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Thousands of New Victorian Records at PROV http://www.gouldgenealogy.com/2016/02/thousands-new-victorian-records-prov/ http://www.gouldgenealogy.com/2016/02/thousands-new-victorian-records-prov/#respond Mon, 08 Feb 2016 01:53:39 +0000 http://www.gouldgenealogy.com/?p=18945 The Public Record Office of Victoria (PROV) released thousands of new records on 1 January 2016. This isn’t “brand new” news, but with the craziness of the holidays and so-on in January, you may have missed this big news. This is part of their “annual opening of offically closed records”, and there is no doubt […]

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PROV - 2016 new releases

The Public Record Office of Victoria (PROV) released thousands of new records on 1 January 2016. This isn’t “brand new” news, but with the craziness of the holidays and so-on in January, you may have missed this big news.

This is part of their “annual opening of offically closed records”, and there is no doubt that they will be valuable records for those researching their family history in Victoria. With dates ranging from the early 1900s through until the 1970s – with the greater being in the 1920s-1940s period, there are records that relate to criminals, court and trial records, divorces, education department, Victorian Railways, hospitals, asylums and nurses and a heap more.

Justine Heazlewood, the Director and Keeper of Public Records said …

“These newly opened records provide a snapshot into our history previously unseen. From 1915 Children’s Court and ward registers to 1940 asylum records, criminal trial briefs and capital case files – through these annual openings we can find out more about ourselves and our past,”

“We encourage Victorians to explore their past through our archives, whether that be tracing your family roots, researching your home or community, or simply discovering a particular time in Victoria’s history to better understand the present” .

So you can understand the privacy rules, and why some records have later dates than others:
– Records primarily concerning adults may be closed for 75 years from the year in which the records were created.
– Records concerning children as the primary subject of the record may be closed for 99 years from the year in which the records were created.
– Records such as staff records where the individuals concerned may still be in the workforce may be closed for a lesser period such as 30, 40, or 50 years as appropriate.

See below for a full list of opened records:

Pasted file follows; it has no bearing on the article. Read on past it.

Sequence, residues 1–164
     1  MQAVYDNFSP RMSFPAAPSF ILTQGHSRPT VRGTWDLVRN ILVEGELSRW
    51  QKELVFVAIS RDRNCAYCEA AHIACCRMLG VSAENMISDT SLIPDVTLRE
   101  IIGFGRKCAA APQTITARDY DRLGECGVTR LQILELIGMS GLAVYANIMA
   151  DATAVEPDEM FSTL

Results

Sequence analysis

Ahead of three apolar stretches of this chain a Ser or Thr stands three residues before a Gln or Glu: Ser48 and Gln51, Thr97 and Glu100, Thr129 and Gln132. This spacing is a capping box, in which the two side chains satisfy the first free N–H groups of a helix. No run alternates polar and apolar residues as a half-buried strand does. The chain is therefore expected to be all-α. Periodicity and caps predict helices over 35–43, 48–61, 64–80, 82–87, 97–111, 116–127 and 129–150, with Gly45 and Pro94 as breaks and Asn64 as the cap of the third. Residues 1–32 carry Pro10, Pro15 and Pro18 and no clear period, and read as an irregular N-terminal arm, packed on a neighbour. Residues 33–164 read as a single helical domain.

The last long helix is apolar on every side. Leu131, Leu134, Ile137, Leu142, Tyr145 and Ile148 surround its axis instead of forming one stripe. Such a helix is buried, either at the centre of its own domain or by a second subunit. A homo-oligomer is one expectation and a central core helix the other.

Criminal Trial Briefs, Office of Public Prosecutions, 1940 (Units 2871-2927)
Criminal Record Books, Supreme Court of Victoria, 1929-1940
Inward Registered Correspondence, Attorney-General’s Department, 1939-1940 (Units 18-34)
Divorce Case Files Melbourne, Supreme Court of Victoria, 1939-1940 (Units 302-319)
Secretary’s Inward Registered Correspondence, Victorian Railways, 1979-1983
Central Register of Male Prisoners, Penal & Gaols Branch, 1939-1940
Register of Names, Particulars and Personal Descriptions of Prisoners Received, Pentridge Gaol, 1939-1940 (Units 73-75)
Index to Register of Prisoners Received, Pentridge Gaol, 1937-1940
Divorce Case Files Ballarat, Ballarat Courts, 1940
Examination Registers (Technical Subjects), Education Department, 1970-1985
Capital Sentence Files, Governor, 1940
Children’s Court Register, Richmond Courts, Jan 1915-Feb 1916
Criminal Trial Brief Register II, Office of Public Prosecutions, 1940
Children’s Court Registers, Ballarat East Courts, July 1914-July 1916
Master Patient Index Cards, Alfred Hospital, 1938-1940 (Units 103-109)
Children’s Court Registers, Fitzroy Courts, July 1915-Feb 1916
Post Mortem Registers, Royal Park Mental Hospital, 1937-April 1940
Head Attendant’s Daily Report Books (Male Department), Kew Mental Hospital, Sept 1939-Oct 1940
Trial Leave Registers, Mont Park Mental Hospital, June 1920-Dec 1940
Asylum Records, St Helen’s/Pleasant View Licensed House, Feb 1938-June 1940
Head Nurses Daily Report Book (Female Wards), Kew Mental Hospital, Nov 1939-Nov 1940
Patient Clinical Notes, Kew Mental Hospital, 1939-1940
Bound Circulated Photographs and Criminal Offences of Convicted Persons, South Australia Police Department, Sept 1939-Dec 1940 (Units 40-42)
Register of Appeals to County Court Melbourne, Office of Public Prosecutions, 1936-1940
Discharge Register, Sunbury Mental Hospital, April 1937-Aug 1940
Nursing Report Books (Female Mental Hospital), Sunbury Mental Hospital, Sept 1939-Oct 1940
Historical Records Collection, Melbourne and Metropolitan Board of Works, May 1935-Jan 1940
Children’s Court Registers, Brighton Courts, Nov 1911-Oct 1916
Children’s Court Registers, Caulfield Courts, Nov 1912-Apr 1916
Presentments, Supreme Court of Victoria, 1939-1940 (Units 49-54)
Children’s Court Registers, Northcote Courts, July 1913-Feb 1916
Children’s Court Registers, Williamstown Courts, Dec 1913-May 1916
Children’s Court Registers, Wangaratta Courts, 1907-May 1916
Children’s Court Registers, Wahgunyah Courts, 1908-1916